This week will see an OPEC meeting that may provide for some entertainment and major decisions from the powerful group. On Wednesday in Vienna, OPEC will have a lot to talk about. With Libya’s crude still mostly offline, volatility on global markets, and the Western world looking to OPEC members for mercy with production increases, the group will need to find answers to very divisive problems and opportunities facing it.
Writing in Arab News, Syed Rashid Husain notes that the “stage is set for a highly politicized gathering” for OPEC, and a “number of burning items are on the table.” Along with all of the major issues facing OPEC, the Islamic Republic of Iran will assume the group’s rotating presidency this year.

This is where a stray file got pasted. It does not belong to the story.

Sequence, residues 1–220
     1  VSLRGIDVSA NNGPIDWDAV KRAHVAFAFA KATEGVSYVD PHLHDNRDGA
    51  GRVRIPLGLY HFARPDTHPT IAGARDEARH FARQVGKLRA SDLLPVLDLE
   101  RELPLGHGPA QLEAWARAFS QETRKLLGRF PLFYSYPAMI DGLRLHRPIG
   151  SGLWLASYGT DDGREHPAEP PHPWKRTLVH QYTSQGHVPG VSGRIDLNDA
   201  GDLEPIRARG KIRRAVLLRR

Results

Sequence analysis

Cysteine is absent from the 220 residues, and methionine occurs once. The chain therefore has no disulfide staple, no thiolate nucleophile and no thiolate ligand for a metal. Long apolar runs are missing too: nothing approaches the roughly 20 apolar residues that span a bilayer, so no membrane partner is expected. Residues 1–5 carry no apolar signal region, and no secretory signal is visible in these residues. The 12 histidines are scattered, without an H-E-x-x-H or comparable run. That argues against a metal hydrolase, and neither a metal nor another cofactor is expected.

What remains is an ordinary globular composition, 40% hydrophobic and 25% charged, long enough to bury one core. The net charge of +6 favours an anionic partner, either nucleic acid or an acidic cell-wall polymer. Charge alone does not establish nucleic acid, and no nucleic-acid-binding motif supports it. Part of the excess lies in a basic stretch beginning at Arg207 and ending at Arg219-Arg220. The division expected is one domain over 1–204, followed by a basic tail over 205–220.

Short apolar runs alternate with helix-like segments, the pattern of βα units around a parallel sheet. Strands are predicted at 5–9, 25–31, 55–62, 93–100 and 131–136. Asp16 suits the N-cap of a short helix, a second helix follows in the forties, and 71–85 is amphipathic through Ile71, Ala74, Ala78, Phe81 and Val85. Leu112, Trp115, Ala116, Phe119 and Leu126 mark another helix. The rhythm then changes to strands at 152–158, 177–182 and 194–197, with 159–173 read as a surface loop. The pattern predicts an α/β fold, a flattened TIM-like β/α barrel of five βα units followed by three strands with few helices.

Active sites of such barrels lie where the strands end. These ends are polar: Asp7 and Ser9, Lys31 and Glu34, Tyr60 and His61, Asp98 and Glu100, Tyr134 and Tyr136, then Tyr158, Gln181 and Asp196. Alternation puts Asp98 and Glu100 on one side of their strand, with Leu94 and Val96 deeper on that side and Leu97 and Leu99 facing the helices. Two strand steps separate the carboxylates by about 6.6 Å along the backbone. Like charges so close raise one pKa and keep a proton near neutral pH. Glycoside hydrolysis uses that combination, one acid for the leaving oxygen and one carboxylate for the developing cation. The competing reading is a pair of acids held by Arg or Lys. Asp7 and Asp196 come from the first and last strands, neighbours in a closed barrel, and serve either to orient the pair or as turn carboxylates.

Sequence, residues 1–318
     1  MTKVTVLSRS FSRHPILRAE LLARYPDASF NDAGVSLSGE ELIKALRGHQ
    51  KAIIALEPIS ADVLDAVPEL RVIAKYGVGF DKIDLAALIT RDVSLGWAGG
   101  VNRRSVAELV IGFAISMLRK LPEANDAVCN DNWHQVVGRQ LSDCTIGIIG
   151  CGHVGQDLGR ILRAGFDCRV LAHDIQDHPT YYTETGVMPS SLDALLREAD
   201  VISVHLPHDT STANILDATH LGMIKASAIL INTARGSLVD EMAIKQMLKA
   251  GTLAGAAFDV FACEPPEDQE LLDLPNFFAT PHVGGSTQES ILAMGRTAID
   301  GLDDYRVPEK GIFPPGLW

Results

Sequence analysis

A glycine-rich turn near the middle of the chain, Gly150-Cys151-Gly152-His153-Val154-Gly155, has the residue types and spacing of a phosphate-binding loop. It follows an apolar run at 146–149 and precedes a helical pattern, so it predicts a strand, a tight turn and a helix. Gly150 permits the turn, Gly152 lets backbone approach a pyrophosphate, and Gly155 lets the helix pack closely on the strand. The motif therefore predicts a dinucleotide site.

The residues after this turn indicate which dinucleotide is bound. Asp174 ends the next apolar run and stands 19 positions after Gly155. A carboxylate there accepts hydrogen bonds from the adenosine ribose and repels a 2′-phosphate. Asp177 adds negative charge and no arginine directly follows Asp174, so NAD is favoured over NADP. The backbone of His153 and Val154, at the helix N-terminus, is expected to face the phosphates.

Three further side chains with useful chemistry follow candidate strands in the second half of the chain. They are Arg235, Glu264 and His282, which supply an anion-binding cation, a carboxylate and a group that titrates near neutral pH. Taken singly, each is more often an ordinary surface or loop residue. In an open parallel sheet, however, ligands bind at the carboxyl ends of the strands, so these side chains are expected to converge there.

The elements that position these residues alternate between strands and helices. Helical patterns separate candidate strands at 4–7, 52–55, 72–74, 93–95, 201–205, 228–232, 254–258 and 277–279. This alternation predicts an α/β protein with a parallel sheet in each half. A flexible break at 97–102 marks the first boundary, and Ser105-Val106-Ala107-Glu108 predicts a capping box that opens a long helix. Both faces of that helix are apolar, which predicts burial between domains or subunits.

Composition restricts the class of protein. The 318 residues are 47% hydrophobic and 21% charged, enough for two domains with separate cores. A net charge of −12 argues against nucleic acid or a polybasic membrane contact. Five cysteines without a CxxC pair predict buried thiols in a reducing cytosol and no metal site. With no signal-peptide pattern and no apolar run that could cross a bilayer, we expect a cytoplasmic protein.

Oil climbed to near record highs this spring as unrest in Libya and uncertainty about other oil producers roiled markets. Evidence is mounting that speculators have contributed to this rise, too. Meanwhile, as the price has climbed, so too has production above allotments by the 11 OPEC members bound by quotas, averaging 1.5 million barrels a day, according to the Wall Street Journal. The WSJ also reports that “Because OPEC—and mainly Saudi Arabia—isn’t pumping at full capacity, the group has sway over oil prices. Taken together, the 12 countries that comprise OPEC are producing crude at an estimated 29.1 million barrels a day, accounting for roughly a third of world output.”
We’ve suggested here on Arabianomics that oil prices might not climb higher again to the levels the world saw earlier this year, and may even track lower to the so-called “comfort zone” established by Saudi energy officials at $70-$80 a barrel. This depends on a lot of factors, many out of the 12-member OPEC’s reach this week in Vienna. However, major decisions will be made at this meeting that will impact the future of the oil industry – and OPEC.